How To Adapt To Canada’s Rising Interest Rates

Homewatch Newsletter Archive


In one of the more hotly anticipated economic moves this past summer, the Bank of Canada raised interest rates for the first time in 7 years, lifting its benchmark interest rate to 0.75 per cent from 0.50 per cent

I talked in my summer forecast for Toronto real estate (click here and here to read Part One and Part Two) about how an increase in interest rates may be the missing piece in the affordability puzzle, by limiting the amount of money accessible to borrowers.

However, given the vast number of homeowners in Toronto that have become heavily indebted as a result of furious pace of the market over the last couple of years, this hike is not something to take lightly. For example, at the last rate increase seven years ago, the average home price was just over $427,000. Now it’s just shy of $800,000. As prices have gone up, so has mortgage and consumer debt.

This current rate increase is modest and while it will cause most homeowners slight tremors as opposed to financial earthquakes, homeowners that have been focused on taking out as much mortgage as they can just to buy in this hot market, may want to take this rate hike as an opportunity to get their financial houses in order.

So what should homeowners do? Take a moment to consider how an interest rate hike impacts their personal finances and develop a plan to reduce vulnerability. That means paying down debt strategically before rates increase more, as well as anticipating extra costs in your household budget as a result of this and future rate hikes.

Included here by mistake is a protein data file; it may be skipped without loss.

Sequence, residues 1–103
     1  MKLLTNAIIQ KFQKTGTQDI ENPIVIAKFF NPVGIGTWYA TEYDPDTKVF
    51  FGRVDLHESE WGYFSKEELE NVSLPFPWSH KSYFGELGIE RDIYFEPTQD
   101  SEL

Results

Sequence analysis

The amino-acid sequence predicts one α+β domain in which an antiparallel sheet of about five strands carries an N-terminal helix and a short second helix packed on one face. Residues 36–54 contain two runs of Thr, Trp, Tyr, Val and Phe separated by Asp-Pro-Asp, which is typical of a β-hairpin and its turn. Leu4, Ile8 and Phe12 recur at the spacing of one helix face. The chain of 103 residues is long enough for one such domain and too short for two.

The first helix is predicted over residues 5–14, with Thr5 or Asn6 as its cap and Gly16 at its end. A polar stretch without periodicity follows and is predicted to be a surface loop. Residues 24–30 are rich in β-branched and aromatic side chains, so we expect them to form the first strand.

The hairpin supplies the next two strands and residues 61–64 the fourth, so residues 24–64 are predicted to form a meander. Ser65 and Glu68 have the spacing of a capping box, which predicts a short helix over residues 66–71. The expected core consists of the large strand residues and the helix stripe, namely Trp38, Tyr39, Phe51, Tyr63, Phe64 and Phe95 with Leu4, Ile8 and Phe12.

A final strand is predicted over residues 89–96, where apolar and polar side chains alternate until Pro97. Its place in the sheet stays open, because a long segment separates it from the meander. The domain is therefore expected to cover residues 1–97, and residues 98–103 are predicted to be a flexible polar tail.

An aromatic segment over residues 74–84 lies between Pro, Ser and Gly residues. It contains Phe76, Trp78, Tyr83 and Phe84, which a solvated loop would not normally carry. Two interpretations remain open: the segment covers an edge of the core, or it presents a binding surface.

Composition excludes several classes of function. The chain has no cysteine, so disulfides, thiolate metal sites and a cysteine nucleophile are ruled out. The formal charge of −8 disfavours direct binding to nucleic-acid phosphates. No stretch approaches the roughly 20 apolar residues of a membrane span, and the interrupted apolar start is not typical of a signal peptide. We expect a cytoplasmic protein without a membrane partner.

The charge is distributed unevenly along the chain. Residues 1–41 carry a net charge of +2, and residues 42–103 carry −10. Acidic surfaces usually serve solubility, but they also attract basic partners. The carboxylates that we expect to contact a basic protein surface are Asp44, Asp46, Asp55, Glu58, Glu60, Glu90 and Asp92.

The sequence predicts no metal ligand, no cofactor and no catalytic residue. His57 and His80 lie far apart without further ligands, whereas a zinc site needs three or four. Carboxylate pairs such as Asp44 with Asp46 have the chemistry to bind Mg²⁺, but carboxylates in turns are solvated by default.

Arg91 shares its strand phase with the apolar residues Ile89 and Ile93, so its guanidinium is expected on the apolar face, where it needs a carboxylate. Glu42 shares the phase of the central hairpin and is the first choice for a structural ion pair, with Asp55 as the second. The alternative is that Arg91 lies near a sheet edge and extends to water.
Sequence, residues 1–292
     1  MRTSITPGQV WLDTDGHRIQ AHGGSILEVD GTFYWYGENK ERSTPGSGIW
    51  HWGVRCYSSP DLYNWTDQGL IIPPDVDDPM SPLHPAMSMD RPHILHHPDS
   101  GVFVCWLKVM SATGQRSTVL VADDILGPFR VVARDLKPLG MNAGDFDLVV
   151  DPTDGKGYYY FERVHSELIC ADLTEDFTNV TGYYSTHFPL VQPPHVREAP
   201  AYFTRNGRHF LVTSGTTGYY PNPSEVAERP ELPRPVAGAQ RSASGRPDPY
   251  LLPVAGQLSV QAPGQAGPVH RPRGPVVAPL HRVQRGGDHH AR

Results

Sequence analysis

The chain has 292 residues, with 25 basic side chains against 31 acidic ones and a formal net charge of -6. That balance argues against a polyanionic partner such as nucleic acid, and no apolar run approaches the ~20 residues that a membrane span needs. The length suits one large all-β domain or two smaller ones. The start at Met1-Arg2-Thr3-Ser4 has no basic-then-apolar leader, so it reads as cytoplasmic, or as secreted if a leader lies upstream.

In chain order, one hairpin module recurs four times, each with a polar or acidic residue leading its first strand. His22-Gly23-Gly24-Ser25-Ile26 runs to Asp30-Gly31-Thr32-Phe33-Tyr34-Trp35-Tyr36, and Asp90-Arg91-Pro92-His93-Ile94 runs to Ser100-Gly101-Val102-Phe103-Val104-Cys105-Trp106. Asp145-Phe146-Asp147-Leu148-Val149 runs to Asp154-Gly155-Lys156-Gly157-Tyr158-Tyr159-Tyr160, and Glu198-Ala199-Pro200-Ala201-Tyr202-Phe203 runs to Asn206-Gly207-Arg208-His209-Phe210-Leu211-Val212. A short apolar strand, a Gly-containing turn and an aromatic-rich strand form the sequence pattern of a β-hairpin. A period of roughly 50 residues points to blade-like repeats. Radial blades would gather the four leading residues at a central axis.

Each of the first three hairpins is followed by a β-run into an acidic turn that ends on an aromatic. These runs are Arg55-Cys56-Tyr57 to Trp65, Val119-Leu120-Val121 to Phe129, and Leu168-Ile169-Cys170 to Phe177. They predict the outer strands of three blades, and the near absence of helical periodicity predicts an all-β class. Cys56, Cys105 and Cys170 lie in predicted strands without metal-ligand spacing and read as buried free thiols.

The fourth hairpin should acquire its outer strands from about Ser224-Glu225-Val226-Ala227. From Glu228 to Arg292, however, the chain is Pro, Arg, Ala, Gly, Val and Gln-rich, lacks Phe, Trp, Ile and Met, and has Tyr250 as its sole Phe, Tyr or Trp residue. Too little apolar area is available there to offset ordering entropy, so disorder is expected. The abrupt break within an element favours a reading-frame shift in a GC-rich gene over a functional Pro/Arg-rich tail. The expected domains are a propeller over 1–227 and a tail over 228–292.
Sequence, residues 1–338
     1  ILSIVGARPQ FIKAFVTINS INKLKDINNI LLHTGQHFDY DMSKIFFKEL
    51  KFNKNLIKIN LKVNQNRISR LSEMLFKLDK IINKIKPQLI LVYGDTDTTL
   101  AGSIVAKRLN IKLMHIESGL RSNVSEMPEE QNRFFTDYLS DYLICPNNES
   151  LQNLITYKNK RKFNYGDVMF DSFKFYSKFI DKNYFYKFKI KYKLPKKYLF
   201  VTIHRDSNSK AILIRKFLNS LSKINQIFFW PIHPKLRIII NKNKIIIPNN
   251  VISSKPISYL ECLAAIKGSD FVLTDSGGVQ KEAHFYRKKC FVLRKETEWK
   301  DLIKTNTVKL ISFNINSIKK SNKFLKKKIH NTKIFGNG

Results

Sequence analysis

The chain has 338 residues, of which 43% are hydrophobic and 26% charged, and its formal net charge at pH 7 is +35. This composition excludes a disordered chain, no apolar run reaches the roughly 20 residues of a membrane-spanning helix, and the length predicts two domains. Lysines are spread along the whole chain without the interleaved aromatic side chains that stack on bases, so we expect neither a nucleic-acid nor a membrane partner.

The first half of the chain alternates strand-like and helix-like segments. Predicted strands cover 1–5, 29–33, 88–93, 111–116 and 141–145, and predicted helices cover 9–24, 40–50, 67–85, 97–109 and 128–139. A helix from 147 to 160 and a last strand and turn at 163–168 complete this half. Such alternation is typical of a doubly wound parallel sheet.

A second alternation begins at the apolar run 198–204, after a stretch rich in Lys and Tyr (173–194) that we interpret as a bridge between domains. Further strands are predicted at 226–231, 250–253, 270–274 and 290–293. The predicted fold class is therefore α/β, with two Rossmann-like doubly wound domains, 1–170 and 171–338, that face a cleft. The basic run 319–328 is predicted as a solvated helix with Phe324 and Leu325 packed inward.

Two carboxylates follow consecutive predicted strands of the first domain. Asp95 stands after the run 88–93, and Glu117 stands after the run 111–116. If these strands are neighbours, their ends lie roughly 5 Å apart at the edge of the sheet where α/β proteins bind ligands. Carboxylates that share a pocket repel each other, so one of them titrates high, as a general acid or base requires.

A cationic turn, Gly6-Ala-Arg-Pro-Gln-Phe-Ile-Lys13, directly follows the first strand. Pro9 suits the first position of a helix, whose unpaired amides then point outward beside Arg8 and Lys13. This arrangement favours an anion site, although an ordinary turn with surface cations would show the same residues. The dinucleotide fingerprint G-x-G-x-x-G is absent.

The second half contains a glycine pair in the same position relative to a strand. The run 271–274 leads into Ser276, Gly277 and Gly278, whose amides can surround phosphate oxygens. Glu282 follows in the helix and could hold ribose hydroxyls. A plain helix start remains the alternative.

The Psychological Factor

Don’t underestimate the psychology of a rate increase, especially when you consider the role that emotions and psychology have played in shaping the real estate market (i.e. the Fear of Missing Out, heated bidding wars, etc.). It’s been seven years since the last rate increase. That’s a long time. What’s more is that rates have held at historic lows for much of that period. That’s enough to construct a false sense of reality in terms of a borrowing environment. Many homebuyers – particularly first time Buyers – have vague if any memory at all of having to pay higher interest rates.

In addition to impacting your finances, a hike in rates is going to impact your perception of your finances. You will now be able to borrow less money, which on the surface may seem like it erodes your purchasing power. While this is in fact true, it is also limiting your ability to take on more debt, which is crucial not only to making Toronto more affordable again, but also is crucial in reducing overall debt-which is one of the great dangers that exist as a by-product of a frothy housing market.

That said, you need to adapt your mindset to reflect a new reality. This is the first rate hike in ages. There will be more, but the climb will be gradual, which means that implementing some changes now, both mentally and tactically can help you absorb extra costs.


House Hunters Act Now

If you are looking for a home, make sure that you get your rate locked in with your lender. Most lenders will honour a 90 to 120 day rate guarantee. This item on your house hunting list just moved to the top position. As you probably already know, housing searches can be lengthy, so you want to do what you can to proactively protect yourself against rate increases. The Bank of Canada just hiked the interest rate for the first time in seven years by 0.25 per cent, from 0.5 per cent to 0.75 per cent, and the next rate announcement will be on September 6th, 2017. But lenders could certainly raise rates on their own between now and then, based on the key lending rate.

Rob Carrick of the Globe and Mail offers a game plan for aspiring house hunters, and asserts it’s important to understand that “rising mortgage rates are as much your enemy as your friend”.


When Does Your Mortgage Renew?